My Vote for Local Loyalty
I consider myself fortunate to have grown up in a time and place where there were no large supermarkets. Flash back to the 1950s to a working-class Brooklyn neighborhood populated mainly by Italian and Jewish immigrant families. We had two commercial streets filled with small family-owned shops. There were two of everything: bakery, fish store, butcher (kosher and non-kosher), live poultry market, green grocer, appetizer store (smoked fish and Jewish delicacies) and pizza by the slice. Believe it or not, we even had two horse-drawn carts that set up shop on the street selling vegetables and fresh fish.
The shop owners lived in our community and we played on the street with their children. On Fridays, my brother had an after-school job delivering on his bike freshly killed chickens to Jewish homemakers for the Sabbath chicken soup. As the shop owners' children grew older, they worked in their parents' stores.
My first family chore was to pick up a bread or challah at the bakery. As young child, I would always get a cookie before I left the shop. As I nibbled the cookie, someone would yell out: "Say hello to your mother and father."
By the late '50s, the first supermarket opened: Key Food, still a mainstay in New York. Neighborhood homemakers flocked to the store. Everyone wanted to be modern. Except for the kosher butcher, within a year every family-owned food store had closed. Before long, a Jewish style supermarket opened: Waldbaum's, also still around in New York. Goodbye kosher butcher! Overnight, it was the end of an era.
Older balabustas (a Jewish grandmother-type homemaker) were at a loss. They could never really accept the idea of a supermarket.
We in Rockridge are truly blessed to have many small, family-owned shops along College Avenue that have been in the community for years. Cole Coffee has been on the corner of College Avenue and 63rd Street for nearly 30 years. Max's blend coffee beans are named after the original owner's son, born soon after the shop's opening. Mike, the current owner, first worked at the shop and continues to brew the finest cup of coffee in the Bay Area. Sisters Bo and Lisa and their family have run Yasai Market for 22 years. In addition to top-rate produce, they have a wide selection of Asian products and spices not found in most supermarkets. No need to shop in Chinatown; Yasai has whatever I need to cook an Asian meal. Ver Brugge Meat Fish and Poultry has been on College Avenue forever. Jerry Ver Brugge and his crew make shopping a true family experience. Ver Brugge butchers know their trade and are happy to share their knowledge so you can have a great meal. They will custom order almost everything you will need. For years they have provided me the perfect ground fish to make my annual Passover gefilte fish. And finally, La Farine Bakery. What can I say? La Farine is perhaps the best French bakery in the Bay Area. Since 1977, customers have started their day with the legendary morning bun from La Farine French Bakery. La Farine offers the finest in French pastries, delicious fruit and nut tarts, classic cakes, cookies, and rustic breads.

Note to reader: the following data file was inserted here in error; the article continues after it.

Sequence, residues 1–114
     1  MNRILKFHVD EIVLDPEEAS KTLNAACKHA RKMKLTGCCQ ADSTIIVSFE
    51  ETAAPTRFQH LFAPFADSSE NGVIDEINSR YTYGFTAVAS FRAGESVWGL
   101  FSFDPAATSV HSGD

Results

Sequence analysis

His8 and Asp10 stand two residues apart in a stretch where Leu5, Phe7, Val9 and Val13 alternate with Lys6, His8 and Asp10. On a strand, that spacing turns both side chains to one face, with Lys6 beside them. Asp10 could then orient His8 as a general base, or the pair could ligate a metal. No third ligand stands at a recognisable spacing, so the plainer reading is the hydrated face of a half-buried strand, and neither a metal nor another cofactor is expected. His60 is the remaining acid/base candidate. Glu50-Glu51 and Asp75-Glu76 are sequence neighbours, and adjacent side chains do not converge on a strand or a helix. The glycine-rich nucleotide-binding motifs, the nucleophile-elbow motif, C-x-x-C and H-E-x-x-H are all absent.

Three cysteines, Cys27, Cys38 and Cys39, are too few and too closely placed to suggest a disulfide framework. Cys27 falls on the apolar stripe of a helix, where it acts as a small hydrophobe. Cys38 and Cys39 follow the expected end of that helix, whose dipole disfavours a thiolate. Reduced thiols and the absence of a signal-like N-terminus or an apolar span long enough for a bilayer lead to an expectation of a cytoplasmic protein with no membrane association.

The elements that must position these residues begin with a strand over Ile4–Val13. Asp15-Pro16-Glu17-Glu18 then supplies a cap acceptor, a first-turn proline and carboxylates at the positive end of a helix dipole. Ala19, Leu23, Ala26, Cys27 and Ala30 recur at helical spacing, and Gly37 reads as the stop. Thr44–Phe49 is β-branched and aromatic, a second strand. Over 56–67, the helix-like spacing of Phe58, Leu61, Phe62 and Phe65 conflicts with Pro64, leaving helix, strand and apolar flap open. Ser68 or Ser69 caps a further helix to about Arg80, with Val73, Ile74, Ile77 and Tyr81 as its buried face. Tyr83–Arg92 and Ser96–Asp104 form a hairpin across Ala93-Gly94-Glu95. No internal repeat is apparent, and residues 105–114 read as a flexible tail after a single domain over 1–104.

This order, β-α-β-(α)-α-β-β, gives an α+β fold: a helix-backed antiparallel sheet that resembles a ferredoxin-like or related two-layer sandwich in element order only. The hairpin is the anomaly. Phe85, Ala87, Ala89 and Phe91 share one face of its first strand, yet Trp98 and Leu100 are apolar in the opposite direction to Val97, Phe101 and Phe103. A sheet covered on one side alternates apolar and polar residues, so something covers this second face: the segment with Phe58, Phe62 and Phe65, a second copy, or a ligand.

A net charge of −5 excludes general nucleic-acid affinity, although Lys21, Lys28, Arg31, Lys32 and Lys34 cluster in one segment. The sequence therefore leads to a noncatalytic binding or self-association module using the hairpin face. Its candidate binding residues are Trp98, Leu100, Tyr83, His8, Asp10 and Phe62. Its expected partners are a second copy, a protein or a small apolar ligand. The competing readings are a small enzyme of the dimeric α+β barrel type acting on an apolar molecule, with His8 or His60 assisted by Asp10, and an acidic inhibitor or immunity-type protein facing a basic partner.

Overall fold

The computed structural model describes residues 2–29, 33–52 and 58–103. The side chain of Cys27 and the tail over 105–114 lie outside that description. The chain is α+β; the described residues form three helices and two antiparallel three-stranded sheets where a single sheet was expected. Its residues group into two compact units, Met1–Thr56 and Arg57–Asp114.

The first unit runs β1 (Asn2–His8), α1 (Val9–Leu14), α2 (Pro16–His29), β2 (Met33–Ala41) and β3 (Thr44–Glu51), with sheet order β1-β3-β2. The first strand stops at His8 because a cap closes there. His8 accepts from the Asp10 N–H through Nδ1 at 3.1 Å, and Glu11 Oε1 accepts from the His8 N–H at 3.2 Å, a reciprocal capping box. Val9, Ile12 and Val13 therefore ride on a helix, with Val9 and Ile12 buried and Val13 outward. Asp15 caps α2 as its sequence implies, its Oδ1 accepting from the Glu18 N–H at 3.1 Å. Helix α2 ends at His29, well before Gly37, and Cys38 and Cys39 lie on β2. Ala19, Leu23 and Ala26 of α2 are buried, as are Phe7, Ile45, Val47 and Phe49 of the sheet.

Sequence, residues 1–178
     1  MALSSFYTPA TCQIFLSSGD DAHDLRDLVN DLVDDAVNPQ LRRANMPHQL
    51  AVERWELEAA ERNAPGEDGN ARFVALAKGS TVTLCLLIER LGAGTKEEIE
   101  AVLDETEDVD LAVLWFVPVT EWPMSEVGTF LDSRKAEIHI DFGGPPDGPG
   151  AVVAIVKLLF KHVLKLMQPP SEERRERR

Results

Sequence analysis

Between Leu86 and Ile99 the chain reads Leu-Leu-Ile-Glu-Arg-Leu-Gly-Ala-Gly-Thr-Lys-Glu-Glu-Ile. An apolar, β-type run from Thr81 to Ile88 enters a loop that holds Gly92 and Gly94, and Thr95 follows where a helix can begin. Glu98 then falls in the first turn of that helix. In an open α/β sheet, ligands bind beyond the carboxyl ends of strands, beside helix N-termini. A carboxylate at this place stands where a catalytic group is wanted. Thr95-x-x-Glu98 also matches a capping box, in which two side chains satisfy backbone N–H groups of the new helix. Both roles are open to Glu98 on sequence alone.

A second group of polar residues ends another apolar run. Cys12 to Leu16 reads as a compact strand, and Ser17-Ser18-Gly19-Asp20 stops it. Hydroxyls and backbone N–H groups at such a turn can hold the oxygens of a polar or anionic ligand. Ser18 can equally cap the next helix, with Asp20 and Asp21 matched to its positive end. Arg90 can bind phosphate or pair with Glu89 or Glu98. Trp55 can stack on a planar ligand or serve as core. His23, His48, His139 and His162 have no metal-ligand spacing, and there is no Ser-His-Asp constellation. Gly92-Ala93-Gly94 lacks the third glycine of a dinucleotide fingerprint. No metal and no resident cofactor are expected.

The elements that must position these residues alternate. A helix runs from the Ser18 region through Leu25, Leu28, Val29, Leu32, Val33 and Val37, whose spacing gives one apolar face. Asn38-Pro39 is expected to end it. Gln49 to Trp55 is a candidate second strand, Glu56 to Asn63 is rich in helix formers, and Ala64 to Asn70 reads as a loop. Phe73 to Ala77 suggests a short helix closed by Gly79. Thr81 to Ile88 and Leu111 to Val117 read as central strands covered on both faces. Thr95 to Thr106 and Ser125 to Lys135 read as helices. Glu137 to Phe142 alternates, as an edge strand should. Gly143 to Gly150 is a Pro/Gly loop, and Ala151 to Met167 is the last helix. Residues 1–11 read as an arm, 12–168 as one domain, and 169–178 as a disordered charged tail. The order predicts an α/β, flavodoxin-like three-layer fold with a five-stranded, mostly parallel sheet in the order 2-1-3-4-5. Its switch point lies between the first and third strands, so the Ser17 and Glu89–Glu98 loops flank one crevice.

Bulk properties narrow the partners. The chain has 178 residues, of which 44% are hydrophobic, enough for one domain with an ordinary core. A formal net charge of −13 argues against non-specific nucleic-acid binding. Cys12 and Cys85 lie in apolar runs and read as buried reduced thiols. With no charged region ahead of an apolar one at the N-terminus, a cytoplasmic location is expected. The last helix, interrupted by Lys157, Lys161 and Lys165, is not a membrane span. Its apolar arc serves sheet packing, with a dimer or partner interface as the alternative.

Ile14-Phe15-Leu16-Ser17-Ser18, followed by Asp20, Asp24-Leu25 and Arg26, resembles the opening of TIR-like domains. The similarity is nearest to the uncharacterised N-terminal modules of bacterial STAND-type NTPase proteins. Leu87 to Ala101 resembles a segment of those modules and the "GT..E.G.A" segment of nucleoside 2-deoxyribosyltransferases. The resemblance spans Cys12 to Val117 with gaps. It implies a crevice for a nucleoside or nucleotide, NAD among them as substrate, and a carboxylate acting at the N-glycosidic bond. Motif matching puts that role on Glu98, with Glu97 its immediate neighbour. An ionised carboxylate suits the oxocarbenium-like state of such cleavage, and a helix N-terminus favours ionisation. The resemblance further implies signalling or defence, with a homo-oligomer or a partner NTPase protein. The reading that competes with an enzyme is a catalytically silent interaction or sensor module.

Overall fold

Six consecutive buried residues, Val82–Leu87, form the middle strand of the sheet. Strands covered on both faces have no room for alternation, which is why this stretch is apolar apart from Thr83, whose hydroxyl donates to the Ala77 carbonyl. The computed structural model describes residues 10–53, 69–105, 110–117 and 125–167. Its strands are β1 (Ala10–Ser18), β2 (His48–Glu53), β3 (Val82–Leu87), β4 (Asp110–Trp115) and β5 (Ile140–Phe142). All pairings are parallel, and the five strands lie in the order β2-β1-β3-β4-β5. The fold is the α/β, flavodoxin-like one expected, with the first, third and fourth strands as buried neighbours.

These shops are directly across the street from the new Safeway. Whatever you choose to buy at that Safeway, or at out-of-the-area stores you may also visit, I hope you will keep Rockridge's local family-owned food and coffee shops in mind.
This extends, of course, to support for the incredible variety of food stores in Market Hall. These include the nationally recognized Pasta Shop, Marin Sun Farm Butcher and recent arrival Highwire Coffee Roasters. Market Hall Bakery, Hapuku Fish and Market Hall Produce all carry top-notch products. David, at Market Hall Produce (we call him the fruit whisperer), will always steer you to the best fruits and vegetables. More choices among smaller food businesses continue down College, with coffee shops and a chocolate shop among the offerings.
By the time you read this edition of The Rockridge News, the new Safeway may have opened. Folks will flock to the store to see what's new and interesting. College Avenue shopkeepers and neighbors worked to keep the store to a reasonable scale, but it looks pretty big to me. I'm not suggesting we shouldn't shop at the new Safeway, but we are the Rockridge family and we need to support the small family-owned and locally scaled shops that define our community. Grab a cappuccino at Cole Coffee; buy some lemongrass from Yasai; order one of Ver Brugge's famous poached whole salmon; and get a loaf of olive bread from La Farine. Support and enjoy our local community.
Garlic Steamed Clams
(ingredients can be purchased at Yasai, Ver Brugge, Vino, La Farine and Market Hall shops)
2 tbs olive oil
6 garlic cloves, chopped
2 small shallots
1 cup dry white wine
cup clam juice
3 tbs unsalted butter
salt and pepper to taste
2 pounds manila or little neck clams
2 tbs minced parsley
Crusty French bread
Heat oil in large saucepan over medium heat. Cook garlic and shallots until golden brown. Add wine, clam juice, butter, salt and pepper; bring to a boil. Add clams, cover until shells open. Stir in parsley and serve with bread.
Barry Kaufman is a graduate of the California Culinary Academy. Barry is available for cooking classes and tours of East-Bay ethnic markets. BarryÕs email: email@example.com.